The Norwegian government launched its Svalbard business strategy in October 2019. The strategy announces an initiative for knowledge-based and sustainable business on the archipelago. The strategy also states that Norway shall maintain sovereignty firmly and constantly, and that Norway is to maintain Norwegian communities in Svalbard.
Terje Aunevik, Chair of Svalbard Business Forum, says to High North News that the tourist industry in Svalbard has come to an abrupt halt due to the current pandemic.
Svalbard Business Forum represents more than 60 local businesses in Svalbard and works on an overall level to facilitate business on the archipelago.
“Bit by bit, this is also hitting the rest of business here. They lag behind, but we are beginning to see the consequences now. When May has passed, I believe many companies will be struggling with red figures”, says Aunevik to High North News.
Mining used to be the dominant industry in Svalbard. Today, tourism is one of the key industries on the archipelago.
“Local business in Svalbard mainly consists of relatively small companies. There are not any capital-strong communities here. Many operate with red figures through most of the year, but most of them manage to reach an overall balance where they cover their losses during peak season, which is from March through August.”
The mining industry employed some 400 people in 2009. In 2020, this figure is down to approximately 100.
Tourism employed some 280 persons in 2009. By 2018, this figure had increased to approximately 600.
“Predictability is amongst the most important things for tourism, and that is of course hard to achieve during a pandemic. However, we believe it is crucial to at least set a date for when we can resume business as usual again. And that is urgent for many companies.”
Local business in Svalbard mainly consists of relatively small companies. There are not any capital-strong communities here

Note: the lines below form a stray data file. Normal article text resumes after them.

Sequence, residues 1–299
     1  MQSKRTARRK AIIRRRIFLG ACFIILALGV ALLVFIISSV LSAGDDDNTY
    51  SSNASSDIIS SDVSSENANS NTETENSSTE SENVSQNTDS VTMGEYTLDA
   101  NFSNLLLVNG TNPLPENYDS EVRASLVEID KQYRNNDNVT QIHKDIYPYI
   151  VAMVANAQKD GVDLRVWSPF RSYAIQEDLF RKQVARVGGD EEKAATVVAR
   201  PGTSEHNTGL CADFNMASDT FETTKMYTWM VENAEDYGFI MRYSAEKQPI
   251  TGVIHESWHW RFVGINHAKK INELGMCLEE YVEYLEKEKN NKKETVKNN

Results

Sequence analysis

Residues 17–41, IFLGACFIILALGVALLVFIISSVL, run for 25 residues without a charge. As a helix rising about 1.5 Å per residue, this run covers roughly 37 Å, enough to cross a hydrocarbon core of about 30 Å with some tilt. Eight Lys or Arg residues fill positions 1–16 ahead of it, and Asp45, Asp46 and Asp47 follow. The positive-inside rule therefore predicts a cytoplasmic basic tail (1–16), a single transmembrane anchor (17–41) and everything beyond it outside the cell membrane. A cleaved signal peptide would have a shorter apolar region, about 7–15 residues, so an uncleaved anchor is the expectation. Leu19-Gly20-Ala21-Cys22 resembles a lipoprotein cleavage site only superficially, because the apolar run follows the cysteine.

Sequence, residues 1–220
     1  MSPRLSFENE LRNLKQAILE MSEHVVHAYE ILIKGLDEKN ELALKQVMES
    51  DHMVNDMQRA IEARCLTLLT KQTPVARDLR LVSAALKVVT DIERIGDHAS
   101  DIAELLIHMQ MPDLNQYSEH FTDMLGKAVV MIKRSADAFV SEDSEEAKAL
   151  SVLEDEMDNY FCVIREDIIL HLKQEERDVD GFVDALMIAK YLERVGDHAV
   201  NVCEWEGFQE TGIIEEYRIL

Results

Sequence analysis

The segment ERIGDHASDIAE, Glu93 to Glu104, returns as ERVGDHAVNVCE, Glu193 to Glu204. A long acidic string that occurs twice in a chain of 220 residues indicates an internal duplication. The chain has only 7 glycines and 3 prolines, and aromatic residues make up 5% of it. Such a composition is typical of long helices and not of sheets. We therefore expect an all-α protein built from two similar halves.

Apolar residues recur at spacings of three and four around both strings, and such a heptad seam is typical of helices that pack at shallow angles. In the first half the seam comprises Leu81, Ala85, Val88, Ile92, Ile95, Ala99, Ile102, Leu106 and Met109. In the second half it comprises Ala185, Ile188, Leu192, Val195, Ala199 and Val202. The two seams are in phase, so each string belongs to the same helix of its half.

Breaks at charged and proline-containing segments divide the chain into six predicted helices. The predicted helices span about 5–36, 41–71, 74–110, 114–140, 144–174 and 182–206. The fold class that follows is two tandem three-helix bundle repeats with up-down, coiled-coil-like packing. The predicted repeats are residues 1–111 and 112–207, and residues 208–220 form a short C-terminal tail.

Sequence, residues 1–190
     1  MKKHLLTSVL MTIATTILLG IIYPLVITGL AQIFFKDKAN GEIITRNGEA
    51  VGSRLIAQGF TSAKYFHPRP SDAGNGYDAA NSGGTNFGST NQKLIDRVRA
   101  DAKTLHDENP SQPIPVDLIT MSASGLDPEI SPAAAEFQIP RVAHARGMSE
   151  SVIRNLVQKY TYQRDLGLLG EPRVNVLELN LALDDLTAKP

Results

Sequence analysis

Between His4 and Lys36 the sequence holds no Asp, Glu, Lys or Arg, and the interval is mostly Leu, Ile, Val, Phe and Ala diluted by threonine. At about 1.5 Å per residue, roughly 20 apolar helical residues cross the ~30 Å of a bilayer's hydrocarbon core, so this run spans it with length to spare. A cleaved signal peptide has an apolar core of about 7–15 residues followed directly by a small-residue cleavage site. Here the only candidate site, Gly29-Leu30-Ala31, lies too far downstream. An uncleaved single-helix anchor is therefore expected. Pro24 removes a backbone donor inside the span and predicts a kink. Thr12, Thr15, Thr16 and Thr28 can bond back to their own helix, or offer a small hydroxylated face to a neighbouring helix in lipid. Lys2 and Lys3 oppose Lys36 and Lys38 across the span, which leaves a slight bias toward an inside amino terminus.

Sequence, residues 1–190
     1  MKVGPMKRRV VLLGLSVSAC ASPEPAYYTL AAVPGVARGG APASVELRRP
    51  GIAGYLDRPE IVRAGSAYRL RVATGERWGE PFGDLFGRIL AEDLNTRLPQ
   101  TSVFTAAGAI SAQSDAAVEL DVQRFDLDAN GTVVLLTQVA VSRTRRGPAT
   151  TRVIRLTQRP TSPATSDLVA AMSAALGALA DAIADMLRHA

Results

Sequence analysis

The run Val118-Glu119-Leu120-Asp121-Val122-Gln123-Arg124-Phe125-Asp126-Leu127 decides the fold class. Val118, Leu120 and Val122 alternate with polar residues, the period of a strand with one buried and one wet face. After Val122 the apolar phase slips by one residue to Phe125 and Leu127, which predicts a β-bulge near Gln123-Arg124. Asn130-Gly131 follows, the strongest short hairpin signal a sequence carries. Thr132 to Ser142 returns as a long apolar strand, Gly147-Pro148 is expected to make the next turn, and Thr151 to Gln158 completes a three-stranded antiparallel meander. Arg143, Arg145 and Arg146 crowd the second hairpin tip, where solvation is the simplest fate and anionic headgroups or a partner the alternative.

“Tourism suprassed mining when it comes to turnover in Svalbard as far back as in 2015. Tourism and culture has an annual turnover of NOK 1 billion. This is a turnover that most likely will be lost for 2020.”
“Many of the support schemes presented by the government do not cover the losses suffered by businesses here. And an increasing number of companies in Svalbard fall outside the scope of these crisis packages.”
Aunevik believes it to be essential that locally owned business and locally based tourism on Svalbard be maintained first.
“I am deeply worried that this crisis is hitting the local actors the hardest. They are vital for Norway and for Norwegian Svalbard policy. They contribute to population and activity. Today, there are no advantages in being locally based. However, being that incurs year-round costs. I believe the most important feature will be support schemes that contribute to businesses being able to operate locally and throughout the year in Svalbard.”
“That said, I am glad that we live in a country where there are support schemes for businesses at all. The government has also adjusted some of their initiatives for us up here already, and credit is due to them for their being attentive. We understand that it is hard to find schemes that fit all.”
“We fully understand that this is a global crisis. People and health should come first. And we understand that this is hard to balance against the economy.”
This article was originally published in Norwegian and has been translated by HNN's Elisabeth Bergquist.